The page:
>I just wanted to bump my own post about Troubleshooting After Effects since I’ve updated it with lots of new tips, links and even an quick illustration.
>I’m writing this in Windows XP on my Mac Pro, since I’m getting the Blue Screen of Death after installing Mac OS X Leopard. I’m truly enjoying the benefits of a closed system from a single vendor… ;-/
Apple claims it’s some APE software that I don’t have, and apparently I’m not the only one with a Leopard installation problem. Apparently Logitech drivers install APE.
It’s at times like these that I wish I had listened to myself.
Update: These arcane Unix commands worked, but remember to remove the Leopard DVD first, and type everything really carefully since you don’t get any warnings if you mistyped anything. You need to find the correct keys if you are on a non-English keyboards. I found the / and – keys on a Swedish keyboard (type – and +.)
After running OS X 10.5.0 for 30 minutes, I’m sitting here wondering what’s new and exciting. Using Apple’s list of 300+ new features to navigate around Leopard, I’m still not finding anything that makes me glad I updated, other than these funny ones:
- “The active application window stands out with a deeper drop shadow and a distinctive toolbar color. One look at Leopard and you’ll know you’re in for something special.”
- “Empty the Trash from the Trash itself with the Empty Trash button”
- “Easily delete Windows and restore the disk space being used by the Windows partition back to Mac OS X.”
Where are the “Wow, dude, you’ve gotta see this” features? I would have settled for being able to resize a window from any edge, or avoiding the spinning beach ball when waiting for network drives. However, some people feel differently: “Leopard will have the same effect that the Macintosh 128 had on computing.” I must be drinking the wrong kool-aid.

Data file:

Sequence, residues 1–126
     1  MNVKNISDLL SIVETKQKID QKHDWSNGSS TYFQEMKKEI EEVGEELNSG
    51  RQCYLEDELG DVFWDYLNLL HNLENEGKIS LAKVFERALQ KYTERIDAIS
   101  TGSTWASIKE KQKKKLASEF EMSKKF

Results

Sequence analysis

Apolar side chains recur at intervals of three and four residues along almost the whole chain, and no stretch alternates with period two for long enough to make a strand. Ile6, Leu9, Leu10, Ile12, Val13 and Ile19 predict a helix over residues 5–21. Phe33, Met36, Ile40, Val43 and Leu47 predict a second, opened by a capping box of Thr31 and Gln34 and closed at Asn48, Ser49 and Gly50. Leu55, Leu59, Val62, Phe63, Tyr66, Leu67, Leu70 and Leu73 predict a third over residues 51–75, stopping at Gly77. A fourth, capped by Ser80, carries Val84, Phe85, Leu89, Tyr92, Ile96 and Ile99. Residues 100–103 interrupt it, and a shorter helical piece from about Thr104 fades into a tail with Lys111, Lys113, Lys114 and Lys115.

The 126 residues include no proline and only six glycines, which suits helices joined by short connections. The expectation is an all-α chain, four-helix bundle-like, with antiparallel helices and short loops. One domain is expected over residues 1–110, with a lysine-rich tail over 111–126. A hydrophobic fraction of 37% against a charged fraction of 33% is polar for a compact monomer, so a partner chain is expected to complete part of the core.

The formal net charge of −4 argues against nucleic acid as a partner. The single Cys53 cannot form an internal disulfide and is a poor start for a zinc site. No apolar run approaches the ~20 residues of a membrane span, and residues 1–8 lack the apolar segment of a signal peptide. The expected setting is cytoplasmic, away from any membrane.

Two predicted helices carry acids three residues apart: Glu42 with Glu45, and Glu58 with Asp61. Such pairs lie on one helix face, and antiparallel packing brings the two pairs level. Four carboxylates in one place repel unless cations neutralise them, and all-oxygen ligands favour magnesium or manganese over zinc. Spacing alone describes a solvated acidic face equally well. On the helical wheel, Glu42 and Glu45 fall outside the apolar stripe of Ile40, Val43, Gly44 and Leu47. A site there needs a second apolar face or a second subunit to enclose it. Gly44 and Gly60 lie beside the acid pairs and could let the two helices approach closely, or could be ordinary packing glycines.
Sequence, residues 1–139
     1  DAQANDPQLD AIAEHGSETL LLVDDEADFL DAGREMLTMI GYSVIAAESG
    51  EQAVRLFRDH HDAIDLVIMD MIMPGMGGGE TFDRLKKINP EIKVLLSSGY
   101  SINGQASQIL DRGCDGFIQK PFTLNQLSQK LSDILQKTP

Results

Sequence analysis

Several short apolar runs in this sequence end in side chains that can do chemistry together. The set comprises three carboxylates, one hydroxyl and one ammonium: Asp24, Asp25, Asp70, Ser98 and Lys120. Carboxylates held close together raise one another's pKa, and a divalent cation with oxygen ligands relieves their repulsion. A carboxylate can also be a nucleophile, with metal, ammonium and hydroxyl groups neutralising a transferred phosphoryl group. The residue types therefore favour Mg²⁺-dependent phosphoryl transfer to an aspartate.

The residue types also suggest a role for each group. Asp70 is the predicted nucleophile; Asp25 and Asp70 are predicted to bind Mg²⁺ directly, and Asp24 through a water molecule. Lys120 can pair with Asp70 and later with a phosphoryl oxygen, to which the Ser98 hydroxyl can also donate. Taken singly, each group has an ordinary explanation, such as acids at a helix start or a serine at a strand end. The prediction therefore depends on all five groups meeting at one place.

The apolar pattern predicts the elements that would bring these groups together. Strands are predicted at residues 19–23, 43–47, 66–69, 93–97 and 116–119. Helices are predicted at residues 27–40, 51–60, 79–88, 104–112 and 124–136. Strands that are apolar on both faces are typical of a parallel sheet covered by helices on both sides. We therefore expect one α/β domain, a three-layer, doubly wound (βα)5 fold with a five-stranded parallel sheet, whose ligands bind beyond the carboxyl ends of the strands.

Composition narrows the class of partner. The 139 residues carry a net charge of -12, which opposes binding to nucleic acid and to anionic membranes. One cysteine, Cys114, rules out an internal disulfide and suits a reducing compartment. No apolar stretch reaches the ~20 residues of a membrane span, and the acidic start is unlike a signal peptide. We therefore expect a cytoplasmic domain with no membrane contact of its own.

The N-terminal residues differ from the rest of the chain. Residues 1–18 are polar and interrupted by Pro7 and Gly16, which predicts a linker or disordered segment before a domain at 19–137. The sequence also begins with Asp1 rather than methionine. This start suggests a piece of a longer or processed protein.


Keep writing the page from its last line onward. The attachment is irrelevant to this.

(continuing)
In all fairness, it seems like it’s the stuff under-the-hood that we’re supposed to be excited by. I’m all for geekery, but since I tend to like cross-platform apps, I need a really cool app to make me go for single-OS solutions.
So you want to open a project saved in After Effects CS3 in an earlier version like After Effects 7.0? Wish there was a way to avoid redoing your entire project just because a client hasn’t upgraded yet? Wish that Adobe would let you do a Save to XML just like in Final Cut Pro?
Sorry about the rant, but currently your only hope of opening a project saved in a newer version of After Effects is a manual process that involves a lot of copying and pasting.
- Firstly, you’ll need both versions installed on the same computer. This usually doesn’t cause any problems, I always have at least 2-3 versions of After Effects installed at the same time.
- Next step is to manually recreate your project in the earlier version. This involves importing all the sources, creating all the comps and changing all the settings to match the original project. It’s a pain, I know…
- Open the original project in the newer version and highlight the top layer in your composition and hit UU on the keyboard to reveal all properties that has have non-default values. Great shortcut, huh? Here’s a bonus tip: just hitting U will show just the properties with keyframes!
- Select all keyframes on the layer by click-dragging the mouse over the names of the properties.
- Copy and paste into a text editor (not a word processor, instead use something like Notepad++ for Windows or Smultron for OS X) and changing the first line that says:
Adobe After Effects 8.0 Keyframe Data
… into …
Adobe After Effects 7.0 Keyframe Data
If you are converting the animation into even older versions of After Effects, you’ll have to change the number to match the version you are using (only use the whole increments such as 6.0 even if you are using version 6.5.)
- Select all text in the text editor, copy and then paste onto the corresponding layer in the older version of After Effects.